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Editorial: France: a welcome result, but the far-right vote dramatically increased

THE parallels are striking. In Britain, the far-right Reform UK dramatically increased its electoral support to become, in terms of voters, the third party.

In France, with a much longer implantation in French politics, the far-right National Rally (RN) dramatically increased its electoral support to become, in terms of voters, the largest party.

In the second round, with 10 million votes, RN actually increased its percentage from 33.21 per cent to 37.06 per cent while the left alliance on seven million votes saw its percentage drop from 28.21 per cent to 25.81. Macron’s outfit also increased its percentage from 21.28 per cent to 25.53 per cent and more or less maintained its vote.

The price the New Popular Front (NFP) paid for defeating the far-right with its de facto lash-up with the liberal (and neoliberal) centre in French politics was to lose two million votes. That is about the same number of votes that Kier Starmer lost from Jeremy Corbyn’s least successful election.

In both cases it is a defeat for the main parties of the neoliberal elite, Macron’s Ensemble and Rishi Sunak’s Tories, while the advance of both far-right formations, Reform UK and RN, hold special dangers for the working class.

Nevertheless, like the formation of a majority Labour government in Britain, the second-round victory of the NFP is something of an advance. It provides a better context to fight for socialist policies and offers the chance to differentiate the RN voting bloc.

Put simply, unless the working-class element that finds itself supporting these two formations can be detached from their new loyalty then the prospects for working-class advance in both countries are gravely weakened.

As the biggest formation, the NFP has the right to call on President Macron to appoint one of their number as premier. But they will be in cohabitation with a president who has powers to impose laws (he raised the retirement age without parliamentary support) and absolute powers over foreign and defence policy.

Such a premier will be without an absolute majority, compelled to compromise with forces entirely opposed to the NFP programme. And the snake in the NFP grass — a significant element in the Socialist Party constellation — is the divisive figure Raphael Glucksmann, co-founder of Place Publique, who is a standard bearer for compromise with Macron and an unwavering supporter of Israel and the Atlantic Alliance, with an unsavoury record active in various CIA-sponsored “colour revolutions” in former socialist countries.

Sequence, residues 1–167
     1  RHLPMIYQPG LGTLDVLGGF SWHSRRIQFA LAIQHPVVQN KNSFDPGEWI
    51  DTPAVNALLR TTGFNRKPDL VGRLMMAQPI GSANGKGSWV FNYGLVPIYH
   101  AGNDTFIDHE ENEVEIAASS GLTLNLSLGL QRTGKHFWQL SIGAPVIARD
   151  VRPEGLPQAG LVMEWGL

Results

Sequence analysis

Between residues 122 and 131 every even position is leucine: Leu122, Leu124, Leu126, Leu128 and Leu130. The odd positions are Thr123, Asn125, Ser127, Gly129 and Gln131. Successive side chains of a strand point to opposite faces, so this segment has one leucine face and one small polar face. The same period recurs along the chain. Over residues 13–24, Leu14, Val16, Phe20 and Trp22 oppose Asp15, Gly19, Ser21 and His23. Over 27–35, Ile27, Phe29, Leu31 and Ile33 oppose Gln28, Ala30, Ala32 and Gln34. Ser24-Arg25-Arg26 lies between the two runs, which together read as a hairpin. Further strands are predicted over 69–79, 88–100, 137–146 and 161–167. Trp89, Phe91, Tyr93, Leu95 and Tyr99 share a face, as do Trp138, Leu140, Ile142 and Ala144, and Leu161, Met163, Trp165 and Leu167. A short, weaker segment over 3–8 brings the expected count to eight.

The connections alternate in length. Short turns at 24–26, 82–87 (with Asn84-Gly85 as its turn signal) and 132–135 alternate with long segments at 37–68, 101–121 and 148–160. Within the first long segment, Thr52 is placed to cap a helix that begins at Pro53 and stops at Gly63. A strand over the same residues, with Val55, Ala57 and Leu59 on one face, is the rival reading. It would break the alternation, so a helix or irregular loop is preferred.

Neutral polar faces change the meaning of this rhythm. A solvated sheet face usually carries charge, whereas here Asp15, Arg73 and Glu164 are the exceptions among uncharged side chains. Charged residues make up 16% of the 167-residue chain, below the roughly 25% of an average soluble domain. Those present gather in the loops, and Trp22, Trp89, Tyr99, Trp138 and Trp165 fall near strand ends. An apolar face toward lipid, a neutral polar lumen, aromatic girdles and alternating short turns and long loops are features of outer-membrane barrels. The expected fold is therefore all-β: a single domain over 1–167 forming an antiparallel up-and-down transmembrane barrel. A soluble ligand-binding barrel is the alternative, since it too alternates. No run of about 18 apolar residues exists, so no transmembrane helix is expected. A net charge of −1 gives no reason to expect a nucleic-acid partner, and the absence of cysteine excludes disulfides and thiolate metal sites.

In swathes of working-class Britain, Reform UK came closer to Labour than did any other party. When Farage says he is coming for Labour he means it, and like in France, a section, possibly even a decisive section, of the financial and business elite will see in this an opportunity to further contain working-class advance.

The game plan of the more politically astute of our rulers is to ensure that progressive parties with a popular base are accorded a temporary place in the sun when the routine functioning of capitalist management is interrupted by division within the ruling class (Theresa May), malfeasance (Boris Johnson), going off the reservation (Liz Truss) or political incompetence (Sunak).

Starmer, a creature of the bourgeois state, is their man.

To impose upon Labour in government working-class solutions to the capitalist crisis — to make the rich pay for the crisis of their system — is the precondition for that government’s survival.

History shows us that, in France and in Britain, that the key battles take place, not in Parliament but in our communities, our workplaces and on the streets. That is where the working class must be reconstituted around progressive policies.


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